The test to determine whether exculpatory agreements violate public policy includes six factors. It concerns a business of a type suitable for public regulation. The party seeking exculpation performs a service of great public importance, which is often a matter of practical necessity for some people. The party holds himself out as willing to perform this service for any person, or at least for any person coming within established standards. As a result of the service's essential nature, the party invoking exculpation possesses a decisive advantage of bargaining strength against any person who seeks his services. In exercising a superior bargaining power the party confronts the public with a standardized adhesion contract of exculpation, and makes no provision whereby a purchaser may pay additional reasonable fees and obtain protection against negligence. As a result of the transaction, the person or property of the purchaser is placed under the control of the seller, subject to the risk of carelessness by the seller or his agents.
In separate actions, public school students sought the invalidation of school district requirements that they sign forms releasing the district from all future claims for negligence as a condition of their participation in interscholastic athletics. The plaintiff parents, in two separate actions, sought injunctions. The Superior Court granted the plainitffs motion for summary judgment and enjoined the school district from requiring the releases in the Lincoln County action but denied injunctive and declaratory relief in the King County action. The Supreme Court affirmed the grant of summary judgment in favor of the Lincoln County plaintifss and reversed the denial of the King County plaintiffs.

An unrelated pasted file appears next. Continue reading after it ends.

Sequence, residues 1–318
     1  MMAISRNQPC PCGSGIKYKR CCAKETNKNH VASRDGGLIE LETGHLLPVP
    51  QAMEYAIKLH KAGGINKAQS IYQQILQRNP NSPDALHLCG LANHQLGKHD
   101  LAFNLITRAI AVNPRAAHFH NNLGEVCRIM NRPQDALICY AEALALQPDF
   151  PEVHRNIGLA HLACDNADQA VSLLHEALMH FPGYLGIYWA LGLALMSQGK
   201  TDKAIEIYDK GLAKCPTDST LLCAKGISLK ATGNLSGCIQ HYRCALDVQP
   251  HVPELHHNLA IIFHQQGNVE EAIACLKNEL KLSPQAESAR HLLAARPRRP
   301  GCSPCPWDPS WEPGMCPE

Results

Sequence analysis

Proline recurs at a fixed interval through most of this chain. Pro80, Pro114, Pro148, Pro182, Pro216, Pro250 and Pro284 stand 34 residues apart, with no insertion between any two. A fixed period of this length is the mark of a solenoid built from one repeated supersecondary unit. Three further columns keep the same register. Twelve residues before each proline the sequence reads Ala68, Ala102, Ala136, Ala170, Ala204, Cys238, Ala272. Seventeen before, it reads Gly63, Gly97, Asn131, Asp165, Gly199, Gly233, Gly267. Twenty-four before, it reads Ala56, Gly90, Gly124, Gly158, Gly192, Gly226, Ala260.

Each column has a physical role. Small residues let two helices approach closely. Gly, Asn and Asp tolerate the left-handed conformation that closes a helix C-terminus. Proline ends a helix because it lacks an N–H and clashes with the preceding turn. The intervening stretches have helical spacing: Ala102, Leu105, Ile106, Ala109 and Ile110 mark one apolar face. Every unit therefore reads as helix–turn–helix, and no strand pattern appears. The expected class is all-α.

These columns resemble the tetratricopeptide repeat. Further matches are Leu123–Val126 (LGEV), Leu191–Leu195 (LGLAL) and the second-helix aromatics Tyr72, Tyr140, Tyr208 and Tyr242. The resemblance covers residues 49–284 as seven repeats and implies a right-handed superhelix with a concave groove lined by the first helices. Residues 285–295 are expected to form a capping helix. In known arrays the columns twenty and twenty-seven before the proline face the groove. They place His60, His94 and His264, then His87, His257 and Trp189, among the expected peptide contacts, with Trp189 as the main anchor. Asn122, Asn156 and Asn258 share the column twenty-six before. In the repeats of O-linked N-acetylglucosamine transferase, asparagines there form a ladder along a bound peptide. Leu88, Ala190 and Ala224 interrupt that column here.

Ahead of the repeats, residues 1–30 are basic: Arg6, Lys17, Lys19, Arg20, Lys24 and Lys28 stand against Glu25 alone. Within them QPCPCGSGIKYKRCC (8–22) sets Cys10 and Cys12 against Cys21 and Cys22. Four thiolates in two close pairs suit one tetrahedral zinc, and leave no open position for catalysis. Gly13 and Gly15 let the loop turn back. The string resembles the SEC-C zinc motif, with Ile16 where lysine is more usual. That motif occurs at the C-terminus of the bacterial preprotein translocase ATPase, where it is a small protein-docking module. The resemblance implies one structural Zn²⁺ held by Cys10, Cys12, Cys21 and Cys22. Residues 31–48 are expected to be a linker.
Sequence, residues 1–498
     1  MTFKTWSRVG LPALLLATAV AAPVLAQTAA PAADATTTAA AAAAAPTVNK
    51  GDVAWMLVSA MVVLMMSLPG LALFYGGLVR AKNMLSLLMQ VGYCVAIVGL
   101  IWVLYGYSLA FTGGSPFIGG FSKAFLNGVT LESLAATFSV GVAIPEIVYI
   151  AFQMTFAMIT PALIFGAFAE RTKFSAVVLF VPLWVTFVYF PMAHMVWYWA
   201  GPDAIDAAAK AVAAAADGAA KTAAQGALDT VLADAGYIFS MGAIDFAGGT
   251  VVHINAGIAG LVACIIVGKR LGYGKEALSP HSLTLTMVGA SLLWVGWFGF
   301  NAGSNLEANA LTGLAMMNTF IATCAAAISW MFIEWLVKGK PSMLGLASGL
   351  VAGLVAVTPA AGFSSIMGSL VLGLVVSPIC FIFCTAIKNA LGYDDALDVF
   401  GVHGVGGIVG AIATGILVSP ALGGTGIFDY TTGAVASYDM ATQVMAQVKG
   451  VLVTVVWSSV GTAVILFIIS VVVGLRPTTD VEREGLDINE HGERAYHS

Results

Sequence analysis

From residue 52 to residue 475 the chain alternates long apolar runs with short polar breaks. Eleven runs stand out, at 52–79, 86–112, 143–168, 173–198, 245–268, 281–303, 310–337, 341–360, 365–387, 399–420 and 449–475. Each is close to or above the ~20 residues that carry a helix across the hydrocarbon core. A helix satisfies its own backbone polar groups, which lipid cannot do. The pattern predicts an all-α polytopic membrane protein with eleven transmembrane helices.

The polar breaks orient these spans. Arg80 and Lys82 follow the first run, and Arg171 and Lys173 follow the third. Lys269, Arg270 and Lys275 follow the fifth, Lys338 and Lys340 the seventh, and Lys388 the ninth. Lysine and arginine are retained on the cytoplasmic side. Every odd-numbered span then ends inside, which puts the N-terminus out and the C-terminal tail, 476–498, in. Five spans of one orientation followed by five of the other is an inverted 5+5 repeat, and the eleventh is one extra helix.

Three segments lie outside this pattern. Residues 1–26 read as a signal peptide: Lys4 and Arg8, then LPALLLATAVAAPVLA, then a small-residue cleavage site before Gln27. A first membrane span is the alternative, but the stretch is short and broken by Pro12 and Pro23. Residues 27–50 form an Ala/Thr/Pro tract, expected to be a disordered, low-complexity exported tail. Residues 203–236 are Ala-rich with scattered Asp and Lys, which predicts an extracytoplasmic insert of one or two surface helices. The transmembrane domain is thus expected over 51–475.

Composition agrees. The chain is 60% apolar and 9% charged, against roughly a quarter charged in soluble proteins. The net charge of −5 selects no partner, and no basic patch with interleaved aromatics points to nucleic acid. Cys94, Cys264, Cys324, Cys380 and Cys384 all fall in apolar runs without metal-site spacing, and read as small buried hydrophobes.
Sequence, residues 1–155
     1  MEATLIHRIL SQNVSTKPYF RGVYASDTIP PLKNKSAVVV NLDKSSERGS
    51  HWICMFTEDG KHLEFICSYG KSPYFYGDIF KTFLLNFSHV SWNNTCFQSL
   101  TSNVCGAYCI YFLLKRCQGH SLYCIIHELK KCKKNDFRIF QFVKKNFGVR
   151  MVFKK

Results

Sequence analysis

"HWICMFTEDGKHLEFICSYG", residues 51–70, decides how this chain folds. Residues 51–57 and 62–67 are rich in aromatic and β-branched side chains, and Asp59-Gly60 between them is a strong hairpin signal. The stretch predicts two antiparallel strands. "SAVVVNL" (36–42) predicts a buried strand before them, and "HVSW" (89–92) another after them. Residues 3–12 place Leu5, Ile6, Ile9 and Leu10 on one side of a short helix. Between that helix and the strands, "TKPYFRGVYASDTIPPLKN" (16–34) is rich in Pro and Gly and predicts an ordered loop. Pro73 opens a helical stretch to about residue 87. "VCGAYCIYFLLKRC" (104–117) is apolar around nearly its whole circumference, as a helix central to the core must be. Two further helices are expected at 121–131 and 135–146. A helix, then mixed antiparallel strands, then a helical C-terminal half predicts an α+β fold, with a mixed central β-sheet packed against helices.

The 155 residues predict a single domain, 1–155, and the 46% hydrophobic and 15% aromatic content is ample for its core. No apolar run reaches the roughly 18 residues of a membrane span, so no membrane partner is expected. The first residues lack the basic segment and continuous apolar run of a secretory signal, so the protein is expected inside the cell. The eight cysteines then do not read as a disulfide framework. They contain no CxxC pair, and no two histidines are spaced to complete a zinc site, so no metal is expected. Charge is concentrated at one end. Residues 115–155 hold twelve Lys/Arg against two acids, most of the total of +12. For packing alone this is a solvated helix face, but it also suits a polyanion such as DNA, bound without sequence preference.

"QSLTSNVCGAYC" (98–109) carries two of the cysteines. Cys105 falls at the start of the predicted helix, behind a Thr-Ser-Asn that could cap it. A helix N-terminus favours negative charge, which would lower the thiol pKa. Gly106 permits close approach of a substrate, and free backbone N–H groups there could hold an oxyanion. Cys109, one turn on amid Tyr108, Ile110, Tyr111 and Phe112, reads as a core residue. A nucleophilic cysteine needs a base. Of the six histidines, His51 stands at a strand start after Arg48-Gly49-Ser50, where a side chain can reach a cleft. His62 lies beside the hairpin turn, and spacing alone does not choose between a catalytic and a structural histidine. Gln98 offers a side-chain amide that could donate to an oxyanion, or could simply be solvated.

Is a written release from any future school district negligence invalid because it violates public policy?
Upon this consolidated appeal, the court held that the releases were invalid as against public policy. The court applied six factors to determine that the exculpatory agreements violated public policy. The court found that interscholastic sports were extensively regulated and were a matter of public importance. Given the emphasis on sports by the public and the school system, it was unrealistic to expect students to view athletics as an activity entirely separate and apart from their schooling. The programs were open to all students who met the skill and eligibility standards, and there was no alternative program of organized competition. Student athletes and their parents had no alternative but to sign the release or be barred from the program. The student athlete was placed under the school coach's control and subject to the risk that the school district would breach its duty of care. The court cautioned that its holding did not include risks other than that of the school's negligence. To the extent that the releases represented consents to relieve the school districts of their duty of care, they were invalid whether they were termed releases or express assumptions of risk.